“Offsetting those tailwinds are uncertainty around inflation and inventory availability and the expected decreases in unemployment funding. When we mix all that together, our current view of the back half sales trend has improved from what we thought it would be at the end of Q1,” he said.
“The Best Team on the Field”
The trends lifting food shopping—grocery comps declined by 4% in the quarter as they cycled 25% gains last year for a two-year lift of 21%, and gained market share in some categories, officials said—are accompanied by continued challenges facing the supply chain, product pricing and the labor market.
These challenges prompted BJ’s to take a more proactive approach, Eddy said. The chain made an $8 million investment in higher pay and bonuses for workers during the quarter—and said it would devote about $30 million toward that and COVID-related health and safety costs in the second half of the year. Eddy described the wage investment—which brought the average hourly salary well above $15—as the largest such investment in the history of the company.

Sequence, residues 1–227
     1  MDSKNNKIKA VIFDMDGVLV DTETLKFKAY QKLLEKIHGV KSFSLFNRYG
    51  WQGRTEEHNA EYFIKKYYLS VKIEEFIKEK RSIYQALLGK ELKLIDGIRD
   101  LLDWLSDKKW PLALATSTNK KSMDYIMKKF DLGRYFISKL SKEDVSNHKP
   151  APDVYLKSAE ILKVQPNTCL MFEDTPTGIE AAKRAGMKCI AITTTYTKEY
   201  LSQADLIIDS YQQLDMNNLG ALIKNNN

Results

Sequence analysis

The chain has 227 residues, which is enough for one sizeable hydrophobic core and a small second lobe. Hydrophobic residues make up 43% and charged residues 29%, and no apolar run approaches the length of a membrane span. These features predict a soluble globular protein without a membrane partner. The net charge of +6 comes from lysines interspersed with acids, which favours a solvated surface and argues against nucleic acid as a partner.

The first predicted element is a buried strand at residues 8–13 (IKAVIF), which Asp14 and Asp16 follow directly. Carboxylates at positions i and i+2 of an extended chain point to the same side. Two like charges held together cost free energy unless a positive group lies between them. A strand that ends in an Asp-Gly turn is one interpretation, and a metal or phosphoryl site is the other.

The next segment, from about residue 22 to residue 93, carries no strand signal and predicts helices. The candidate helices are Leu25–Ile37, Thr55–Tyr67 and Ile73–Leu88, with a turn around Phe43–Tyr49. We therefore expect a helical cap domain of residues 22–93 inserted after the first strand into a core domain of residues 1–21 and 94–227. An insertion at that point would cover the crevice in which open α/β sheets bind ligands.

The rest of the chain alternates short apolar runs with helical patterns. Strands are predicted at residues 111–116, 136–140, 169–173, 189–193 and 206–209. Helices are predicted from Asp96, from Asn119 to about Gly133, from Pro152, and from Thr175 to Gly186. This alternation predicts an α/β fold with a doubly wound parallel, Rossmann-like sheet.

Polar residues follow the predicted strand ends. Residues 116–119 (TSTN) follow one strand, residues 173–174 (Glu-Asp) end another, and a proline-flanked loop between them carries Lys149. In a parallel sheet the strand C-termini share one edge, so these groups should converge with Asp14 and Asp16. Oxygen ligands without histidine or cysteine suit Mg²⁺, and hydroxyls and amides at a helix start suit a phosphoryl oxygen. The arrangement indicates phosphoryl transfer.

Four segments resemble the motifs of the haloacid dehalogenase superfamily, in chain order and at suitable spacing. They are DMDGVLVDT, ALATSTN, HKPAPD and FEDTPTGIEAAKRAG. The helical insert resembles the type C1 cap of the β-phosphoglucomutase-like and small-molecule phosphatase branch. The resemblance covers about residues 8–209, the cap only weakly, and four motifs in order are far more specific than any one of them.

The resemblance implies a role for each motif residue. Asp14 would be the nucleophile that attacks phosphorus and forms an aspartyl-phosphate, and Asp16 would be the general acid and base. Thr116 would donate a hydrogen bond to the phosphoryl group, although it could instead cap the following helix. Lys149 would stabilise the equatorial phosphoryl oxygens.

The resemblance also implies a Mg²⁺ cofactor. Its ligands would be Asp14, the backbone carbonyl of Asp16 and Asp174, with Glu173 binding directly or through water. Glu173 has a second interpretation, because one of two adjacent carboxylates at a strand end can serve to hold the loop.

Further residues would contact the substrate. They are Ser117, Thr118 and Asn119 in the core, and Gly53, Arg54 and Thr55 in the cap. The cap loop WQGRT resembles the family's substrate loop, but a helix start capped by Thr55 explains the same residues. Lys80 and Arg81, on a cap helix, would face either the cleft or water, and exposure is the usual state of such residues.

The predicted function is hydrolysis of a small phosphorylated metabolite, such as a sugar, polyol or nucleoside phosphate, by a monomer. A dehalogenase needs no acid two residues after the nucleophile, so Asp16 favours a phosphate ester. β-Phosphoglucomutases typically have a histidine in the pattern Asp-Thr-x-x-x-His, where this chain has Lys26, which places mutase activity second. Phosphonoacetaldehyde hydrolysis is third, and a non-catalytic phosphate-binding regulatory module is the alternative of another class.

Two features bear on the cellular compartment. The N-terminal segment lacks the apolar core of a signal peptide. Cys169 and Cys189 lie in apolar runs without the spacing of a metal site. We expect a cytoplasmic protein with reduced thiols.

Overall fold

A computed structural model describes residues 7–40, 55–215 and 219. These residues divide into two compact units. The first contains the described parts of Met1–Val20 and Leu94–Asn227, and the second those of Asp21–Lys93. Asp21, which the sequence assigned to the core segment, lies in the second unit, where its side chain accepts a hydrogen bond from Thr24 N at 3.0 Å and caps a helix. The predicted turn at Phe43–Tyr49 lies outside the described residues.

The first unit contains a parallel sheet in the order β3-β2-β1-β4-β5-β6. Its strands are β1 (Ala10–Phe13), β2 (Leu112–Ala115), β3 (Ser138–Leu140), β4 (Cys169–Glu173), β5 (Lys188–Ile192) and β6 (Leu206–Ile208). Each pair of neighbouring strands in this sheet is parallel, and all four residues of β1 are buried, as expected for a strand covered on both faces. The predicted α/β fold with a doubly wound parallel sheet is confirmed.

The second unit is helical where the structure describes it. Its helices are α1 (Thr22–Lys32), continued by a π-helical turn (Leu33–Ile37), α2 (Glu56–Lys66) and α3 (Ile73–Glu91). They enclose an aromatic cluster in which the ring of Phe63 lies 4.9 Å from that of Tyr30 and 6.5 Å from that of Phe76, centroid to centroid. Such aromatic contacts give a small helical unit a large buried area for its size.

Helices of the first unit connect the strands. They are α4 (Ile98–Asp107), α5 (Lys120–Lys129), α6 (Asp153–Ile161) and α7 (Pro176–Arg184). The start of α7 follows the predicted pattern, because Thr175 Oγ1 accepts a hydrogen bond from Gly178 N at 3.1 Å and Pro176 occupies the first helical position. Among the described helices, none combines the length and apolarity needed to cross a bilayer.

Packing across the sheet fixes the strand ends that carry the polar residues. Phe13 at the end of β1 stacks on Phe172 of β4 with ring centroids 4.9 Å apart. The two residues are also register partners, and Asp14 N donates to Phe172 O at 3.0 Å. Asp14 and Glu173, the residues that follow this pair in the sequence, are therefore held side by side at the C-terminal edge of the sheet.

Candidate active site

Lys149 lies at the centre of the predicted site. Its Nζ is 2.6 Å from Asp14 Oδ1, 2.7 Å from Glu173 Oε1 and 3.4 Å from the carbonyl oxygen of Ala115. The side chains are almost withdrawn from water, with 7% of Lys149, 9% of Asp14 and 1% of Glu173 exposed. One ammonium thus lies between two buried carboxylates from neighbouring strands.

“We’ve chased the market for a while, trying to manage what we pay our team in the context of our greater P&L. But I get paid to run the business for the long term,” Eddy said. “I believe you’re only as strong as your team, and we need the best team on the field every day. Wages are a big component of that. And this year has been an incredibly dynamic labor market for us, as every industry really is suffering some sort of a labor shortage to one degree or another.”